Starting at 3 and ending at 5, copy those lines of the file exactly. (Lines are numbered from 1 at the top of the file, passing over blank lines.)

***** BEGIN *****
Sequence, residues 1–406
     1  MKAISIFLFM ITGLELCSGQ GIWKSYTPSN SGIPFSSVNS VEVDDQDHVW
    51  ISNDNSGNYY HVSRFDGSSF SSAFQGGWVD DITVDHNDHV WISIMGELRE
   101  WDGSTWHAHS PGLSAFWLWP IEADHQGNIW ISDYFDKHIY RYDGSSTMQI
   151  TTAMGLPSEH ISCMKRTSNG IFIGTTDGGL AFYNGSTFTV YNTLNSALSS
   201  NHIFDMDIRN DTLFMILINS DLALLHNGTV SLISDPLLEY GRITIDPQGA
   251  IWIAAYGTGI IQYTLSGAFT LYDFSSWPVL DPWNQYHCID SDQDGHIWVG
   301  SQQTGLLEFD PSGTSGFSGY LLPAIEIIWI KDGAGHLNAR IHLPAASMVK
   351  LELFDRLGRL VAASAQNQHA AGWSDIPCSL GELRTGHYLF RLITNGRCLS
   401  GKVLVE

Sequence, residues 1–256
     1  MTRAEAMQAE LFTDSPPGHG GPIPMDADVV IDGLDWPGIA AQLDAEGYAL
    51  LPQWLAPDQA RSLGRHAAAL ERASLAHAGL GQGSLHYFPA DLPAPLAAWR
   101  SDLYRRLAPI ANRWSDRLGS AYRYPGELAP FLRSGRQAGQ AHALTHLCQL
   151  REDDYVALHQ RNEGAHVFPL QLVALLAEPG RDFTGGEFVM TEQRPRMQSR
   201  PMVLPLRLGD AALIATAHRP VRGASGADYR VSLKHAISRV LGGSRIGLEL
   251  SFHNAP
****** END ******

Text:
    51  ISNDNSGNYY HVSRFDGSSF SSAFQGGWVD DITVDHNDHV WISIMGELRE
   101  WDGSTWHAHS PGLSAFWLWP IEADHQGNIW ISDYFDKHIY RYDGSSTMQI
   151  TTAMGLPSEH ISCMKRTSNG IFIGTTDGGL AFYNGSTFTV YNTLNSALSS